Texas' location, geography and diverse economy offer unique trade opportunities with other states and countries. Texas has a number of ports of entry, including seaports, inland ports and border crossings, which facilitate the movement of imports and exports. Texas ports of entry contribute to the state and local economies, each in a very distinctive way.
The State of Texas accounted for nearly $650 billion in international trade in 2015. Of Texas' total international trade, $204 billion or 32.3 percent traveled through the state's seaports, with the Port of Beaumont accounting for 4.0 percent of the seaport trade, or about $8.2 billion.1 The Comptroller acknowledges there may be other economic activities directly and indirectly associated with the use of this facility that may not be reflected here.3
Based on the Comptroller's analysis, the net benefit of trade associated with the Beaumont port of entry contributes an estimated 31,000 net jobs to Texas and a minimum of $4.4 billion in gross domestic product (GDP) to the Texas economy.1
The Port of Beaumont is one of 10 seaports along Texas' 367 mile-long coastline along the Gulf of Mexico. Each seaport facilitates the movement of goods between Texas and nations throughout the world. Each Texas seaport is unique, offering different capabilities and a variety of shipping options, including bulk, roll-on/roll-off, container and liquid/gas shipping
The Port of Beaumont was originally built in 1908, and its strategic location and capabilities offered shippers an opportunity for deep-water and shallow-draft connectivity. When combined with Beaumont's three class-1 railroads, this connectivity makes this port ideal for the military; in fact, the Port is the busiest U.S. military port in the world. The Port of Beaumont is home to the U.S. Army's 842nd Transportation Battalion, overseeing military cargo shipments through the Gulf of Mexico and Western U.S., including the Pacific Northwest and Alaska.4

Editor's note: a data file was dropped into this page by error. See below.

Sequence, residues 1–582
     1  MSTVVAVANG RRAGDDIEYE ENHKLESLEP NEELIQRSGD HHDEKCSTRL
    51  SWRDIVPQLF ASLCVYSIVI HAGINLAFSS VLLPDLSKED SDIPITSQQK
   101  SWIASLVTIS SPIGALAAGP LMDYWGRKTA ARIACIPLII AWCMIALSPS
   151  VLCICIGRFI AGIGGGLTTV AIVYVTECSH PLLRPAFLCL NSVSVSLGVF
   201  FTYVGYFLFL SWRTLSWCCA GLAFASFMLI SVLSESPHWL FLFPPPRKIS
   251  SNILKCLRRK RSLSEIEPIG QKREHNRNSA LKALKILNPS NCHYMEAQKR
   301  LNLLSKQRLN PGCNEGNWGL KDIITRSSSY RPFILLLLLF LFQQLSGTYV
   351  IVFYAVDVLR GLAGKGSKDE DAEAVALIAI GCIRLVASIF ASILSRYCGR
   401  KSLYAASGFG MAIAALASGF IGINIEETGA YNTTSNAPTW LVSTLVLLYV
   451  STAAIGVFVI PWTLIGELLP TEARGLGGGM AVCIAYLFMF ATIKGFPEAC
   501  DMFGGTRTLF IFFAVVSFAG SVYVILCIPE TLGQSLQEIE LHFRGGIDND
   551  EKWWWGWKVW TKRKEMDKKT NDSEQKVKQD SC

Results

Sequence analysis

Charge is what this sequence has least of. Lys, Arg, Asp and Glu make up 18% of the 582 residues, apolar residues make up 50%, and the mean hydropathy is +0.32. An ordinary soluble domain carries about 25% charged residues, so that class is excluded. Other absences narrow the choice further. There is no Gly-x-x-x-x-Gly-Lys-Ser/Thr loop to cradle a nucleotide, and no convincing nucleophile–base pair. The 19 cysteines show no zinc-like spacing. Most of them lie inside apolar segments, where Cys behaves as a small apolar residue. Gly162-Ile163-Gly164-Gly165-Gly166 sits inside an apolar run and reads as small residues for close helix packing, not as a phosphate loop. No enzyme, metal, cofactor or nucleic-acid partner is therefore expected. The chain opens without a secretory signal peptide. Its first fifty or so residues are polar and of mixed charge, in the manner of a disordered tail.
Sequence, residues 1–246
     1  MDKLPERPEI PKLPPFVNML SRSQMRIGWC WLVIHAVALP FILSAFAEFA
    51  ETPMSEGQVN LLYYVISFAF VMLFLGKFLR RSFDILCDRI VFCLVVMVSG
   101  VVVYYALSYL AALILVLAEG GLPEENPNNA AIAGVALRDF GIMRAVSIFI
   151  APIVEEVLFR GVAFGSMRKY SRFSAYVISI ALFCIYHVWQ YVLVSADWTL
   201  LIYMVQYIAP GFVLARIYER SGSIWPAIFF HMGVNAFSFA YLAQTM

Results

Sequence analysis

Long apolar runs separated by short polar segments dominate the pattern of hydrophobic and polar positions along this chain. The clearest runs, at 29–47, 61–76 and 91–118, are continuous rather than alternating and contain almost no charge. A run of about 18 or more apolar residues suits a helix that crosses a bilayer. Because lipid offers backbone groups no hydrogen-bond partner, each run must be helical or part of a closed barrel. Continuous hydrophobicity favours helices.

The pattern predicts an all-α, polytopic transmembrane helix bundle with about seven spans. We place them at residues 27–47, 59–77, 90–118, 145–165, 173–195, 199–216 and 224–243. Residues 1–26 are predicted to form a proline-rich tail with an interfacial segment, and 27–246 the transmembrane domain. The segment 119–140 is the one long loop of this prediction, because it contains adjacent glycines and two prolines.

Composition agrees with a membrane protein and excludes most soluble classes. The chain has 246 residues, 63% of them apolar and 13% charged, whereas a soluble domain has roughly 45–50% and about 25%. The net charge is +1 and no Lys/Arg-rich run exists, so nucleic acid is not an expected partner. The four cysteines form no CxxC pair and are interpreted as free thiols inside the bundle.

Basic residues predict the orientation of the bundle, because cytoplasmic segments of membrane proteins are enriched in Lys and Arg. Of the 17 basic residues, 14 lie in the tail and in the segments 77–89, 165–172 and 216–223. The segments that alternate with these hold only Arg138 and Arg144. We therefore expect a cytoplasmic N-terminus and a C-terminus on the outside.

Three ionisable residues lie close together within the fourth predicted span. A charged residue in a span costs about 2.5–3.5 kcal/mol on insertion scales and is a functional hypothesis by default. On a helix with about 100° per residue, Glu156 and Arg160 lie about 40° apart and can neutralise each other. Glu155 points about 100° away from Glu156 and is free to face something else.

The Port of Beaumont includes:
The Port of Beaumont is covered by General Purpose Foreign-Trade Zone (FTZ) #115, and has been designated as a military strategic port within the National Port Readiness Network by the U.S. Maritime Administration.5
In total, shipping activity at the Port of Beaumont accounted for $8.2 billion in trade in 2015, an increase of 42.4 percent from 2003 ($5.8 billion).6 In addition, the Port of Beaumont ranks fourth nationally in tonnage.7 It handles more than 87 million tons of cargo annually, including 53 million tons of foreign cargo.8
The Port of Beaumont is taking steps to expand its capacity, with public and private investment totaling nearly $7 billion since 2013. A recently approved $95 million capital expenditure program will build new marine and rail facilities, expand dock infrastructure and improve overall capacity. 9 As part of a multi-stage development, a recently completed $300 million rail facility is equipped with 650 feet of heavy-duty wharf space and capacity for two 120-car unit trains to simultaneously transfer crude from rail to barges.10 When fully developed, this terminal will have the capacity to unload more than 210,000 barrels of crude oil per day by rail along with 1.8 million barrels of storage capacity.11 Other projects under construction include a $4 billion project by ExxonMobil and a $1.2 billion project by Natgasoline.